T.M. Pavlyuchenkova notes the negative connotations of the lexeme Vir’, referring to the use of “the component -aspid in the original author’s word-formation” (Pavlyuchenkova, 2011: 54). Cf.: Her headdress / Is all gray-aspid color, / The head is in a tuft, and the look / Is filled with mournful greetings. In our opinion, the expressive, emotional and evaluative connotations of the mythoornithonym Vir’ are more diverse than the negative connotation noted by the researcher, since the image of the sweet-voiced bird itself is complex and ambiguous. We believe that he was not so much influenced by Mordovian mythology (the image of Vira-ava already mentioned above, lit. “the forest woman”), but by many other sources: Greek mythology, Russian spiritual poems and even paintings by the representative of the “neo-Russian style” V.M. Vasnetsov, in particular, his original interpretation in 1896 of the traditional plot – the image of the sweet-voiced birds Sirin and Alkonost as the light and dark sides of life. Bunin’s bird accumulates the features of literary, mythological and pictorial images of Alkonost and Sirin. It took from Vasnetsov’s Alkonost gray-asp plumage, mournful eyes, a tuft like a crown on the head of the artist's virgin bird, and from the Sirin from Greek myths and Russian spiritual poems – a gentle singing full of mournful power, but this also fascinates travelers, beckoning, dragging them into the dark darkness of the forest and ruining there. Thus, the connotative content of the mythoornithonym includes the elements ‘transience’, ‘obedience’, ‘loneliness’, ‘mournful beauty’, ‘suffering’. Despite the fact that the analyzed lexical unit functions only in one poem “Vir’ ”, it, along with other mythoornithonyms (raven Hugin, Firebird), becomes a full-fledged means of expressing the “ornithological myth” of Bunin’s prose and poetry, associated with the motiаs of memory and loneliness, the idea of the predestination of fate, the unity of the moment and eternity, the incorruptibility of beauty and the sweetness of suffering.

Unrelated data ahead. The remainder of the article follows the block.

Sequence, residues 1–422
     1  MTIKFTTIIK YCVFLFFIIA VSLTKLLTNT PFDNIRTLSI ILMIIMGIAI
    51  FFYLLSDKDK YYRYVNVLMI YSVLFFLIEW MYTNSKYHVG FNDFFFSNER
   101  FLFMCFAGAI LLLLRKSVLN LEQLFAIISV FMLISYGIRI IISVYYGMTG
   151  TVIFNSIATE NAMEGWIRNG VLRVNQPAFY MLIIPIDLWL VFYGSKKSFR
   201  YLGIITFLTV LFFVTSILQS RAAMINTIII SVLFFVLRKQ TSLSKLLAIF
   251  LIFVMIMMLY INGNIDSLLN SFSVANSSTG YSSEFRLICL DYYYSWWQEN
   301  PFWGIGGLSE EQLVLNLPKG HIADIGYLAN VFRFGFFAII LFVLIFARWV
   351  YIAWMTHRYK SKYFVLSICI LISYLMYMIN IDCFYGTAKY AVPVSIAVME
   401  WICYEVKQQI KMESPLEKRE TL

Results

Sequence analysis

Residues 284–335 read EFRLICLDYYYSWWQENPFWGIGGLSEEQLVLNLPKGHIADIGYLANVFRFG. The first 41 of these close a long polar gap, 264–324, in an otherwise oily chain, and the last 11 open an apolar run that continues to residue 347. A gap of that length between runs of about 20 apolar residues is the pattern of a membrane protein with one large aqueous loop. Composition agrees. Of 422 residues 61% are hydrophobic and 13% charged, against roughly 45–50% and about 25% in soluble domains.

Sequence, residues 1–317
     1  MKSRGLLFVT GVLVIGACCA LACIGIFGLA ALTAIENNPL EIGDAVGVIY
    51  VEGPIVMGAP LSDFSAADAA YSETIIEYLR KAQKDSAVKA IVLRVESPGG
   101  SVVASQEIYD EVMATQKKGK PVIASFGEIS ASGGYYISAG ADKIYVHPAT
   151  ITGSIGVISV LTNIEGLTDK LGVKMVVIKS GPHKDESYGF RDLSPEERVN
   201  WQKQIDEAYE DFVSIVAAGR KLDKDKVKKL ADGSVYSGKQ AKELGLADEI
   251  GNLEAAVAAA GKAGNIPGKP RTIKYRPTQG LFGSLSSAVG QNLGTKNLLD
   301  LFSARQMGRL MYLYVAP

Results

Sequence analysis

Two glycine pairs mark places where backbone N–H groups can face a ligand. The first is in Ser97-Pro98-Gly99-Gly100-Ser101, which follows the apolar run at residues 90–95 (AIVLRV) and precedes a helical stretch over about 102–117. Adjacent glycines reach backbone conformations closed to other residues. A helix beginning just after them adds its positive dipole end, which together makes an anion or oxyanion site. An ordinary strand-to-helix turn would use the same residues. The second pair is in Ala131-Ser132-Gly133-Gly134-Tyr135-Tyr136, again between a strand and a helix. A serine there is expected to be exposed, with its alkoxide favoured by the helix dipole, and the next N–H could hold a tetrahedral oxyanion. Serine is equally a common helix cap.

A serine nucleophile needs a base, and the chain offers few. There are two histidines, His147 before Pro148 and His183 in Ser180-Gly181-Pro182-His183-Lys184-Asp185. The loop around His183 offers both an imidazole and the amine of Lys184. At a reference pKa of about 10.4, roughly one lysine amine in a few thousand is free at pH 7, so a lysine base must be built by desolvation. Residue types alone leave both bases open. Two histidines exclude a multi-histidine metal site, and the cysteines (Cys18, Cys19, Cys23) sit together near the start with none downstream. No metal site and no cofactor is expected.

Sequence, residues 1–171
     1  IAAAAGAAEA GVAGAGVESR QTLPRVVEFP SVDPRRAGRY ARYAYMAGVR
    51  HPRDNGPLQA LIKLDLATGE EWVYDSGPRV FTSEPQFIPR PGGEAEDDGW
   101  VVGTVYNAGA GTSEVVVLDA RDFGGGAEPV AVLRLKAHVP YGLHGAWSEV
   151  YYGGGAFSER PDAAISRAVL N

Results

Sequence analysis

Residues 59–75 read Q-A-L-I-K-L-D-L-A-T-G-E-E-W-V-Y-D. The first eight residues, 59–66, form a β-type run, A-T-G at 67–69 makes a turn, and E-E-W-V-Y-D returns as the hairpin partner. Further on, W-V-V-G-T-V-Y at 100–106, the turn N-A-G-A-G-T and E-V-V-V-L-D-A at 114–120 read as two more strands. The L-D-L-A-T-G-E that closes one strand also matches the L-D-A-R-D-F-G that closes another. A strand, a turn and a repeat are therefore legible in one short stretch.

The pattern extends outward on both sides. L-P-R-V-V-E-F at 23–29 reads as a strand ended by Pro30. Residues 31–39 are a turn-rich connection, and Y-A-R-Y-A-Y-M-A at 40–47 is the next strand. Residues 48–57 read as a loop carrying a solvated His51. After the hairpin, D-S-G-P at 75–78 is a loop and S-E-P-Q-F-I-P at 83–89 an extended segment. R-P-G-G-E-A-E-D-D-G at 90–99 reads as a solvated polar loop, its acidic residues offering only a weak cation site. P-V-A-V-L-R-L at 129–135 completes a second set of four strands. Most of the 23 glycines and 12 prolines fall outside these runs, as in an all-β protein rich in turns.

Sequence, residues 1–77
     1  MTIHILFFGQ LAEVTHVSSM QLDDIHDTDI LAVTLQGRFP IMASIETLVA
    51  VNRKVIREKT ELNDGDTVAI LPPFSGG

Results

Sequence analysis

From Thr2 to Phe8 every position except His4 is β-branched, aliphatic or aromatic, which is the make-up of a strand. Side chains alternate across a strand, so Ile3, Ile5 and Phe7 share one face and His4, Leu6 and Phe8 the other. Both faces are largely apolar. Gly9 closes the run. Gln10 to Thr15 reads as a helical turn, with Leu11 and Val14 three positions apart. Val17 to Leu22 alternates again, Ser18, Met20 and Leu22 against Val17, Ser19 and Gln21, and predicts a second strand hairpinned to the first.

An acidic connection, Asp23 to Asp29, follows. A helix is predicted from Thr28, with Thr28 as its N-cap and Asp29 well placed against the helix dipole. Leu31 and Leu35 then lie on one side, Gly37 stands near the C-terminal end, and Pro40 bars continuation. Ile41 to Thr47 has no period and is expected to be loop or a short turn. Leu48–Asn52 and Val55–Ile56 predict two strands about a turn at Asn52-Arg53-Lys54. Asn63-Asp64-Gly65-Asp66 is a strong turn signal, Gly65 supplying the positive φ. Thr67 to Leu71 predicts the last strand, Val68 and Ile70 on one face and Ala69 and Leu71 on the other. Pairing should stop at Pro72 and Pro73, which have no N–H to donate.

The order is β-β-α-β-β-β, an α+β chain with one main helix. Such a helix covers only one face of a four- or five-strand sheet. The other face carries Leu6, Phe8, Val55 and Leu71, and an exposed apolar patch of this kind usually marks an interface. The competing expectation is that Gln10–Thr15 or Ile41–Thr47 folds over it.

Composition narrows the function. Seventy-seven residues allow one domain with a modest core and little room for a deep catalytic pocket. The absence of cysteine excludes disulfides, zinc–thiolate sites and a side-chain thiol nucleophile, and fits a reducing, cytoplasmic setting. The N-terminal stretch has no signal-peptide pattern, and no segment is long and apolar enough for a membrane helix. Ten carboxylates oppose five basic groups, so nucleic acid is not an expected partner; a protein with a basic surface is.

The expansion of traditional ideas about the key images of mythological plots, biblical, Quranic legends, folklore texts in I.A. Bunin’s poems contributes to significant quantitative and qualitative changes in the connotative content of mythonyms. Especially indicative in this regard are the composite units constructed according on the model “word (adjective, rarely – participle) + word (noun)”. Being structurally identical, they belong to different semantic types: Diamond River (mythohydron), Steppe Night (mythopersonym), White Deer (mythozoonym), Great Throne (mythohrematonym), Resurrected Light (theonym), Judgment Day (mythohoronym), Desert Angel (demononym), etc. Such onymic units turn out to be both reproducible and produced by the artistic and aesthetic system of Bunin-the poet. As an example, let us consider the connotative potential of the mythopersonym Steppe Night and the mythohydron Diamond River.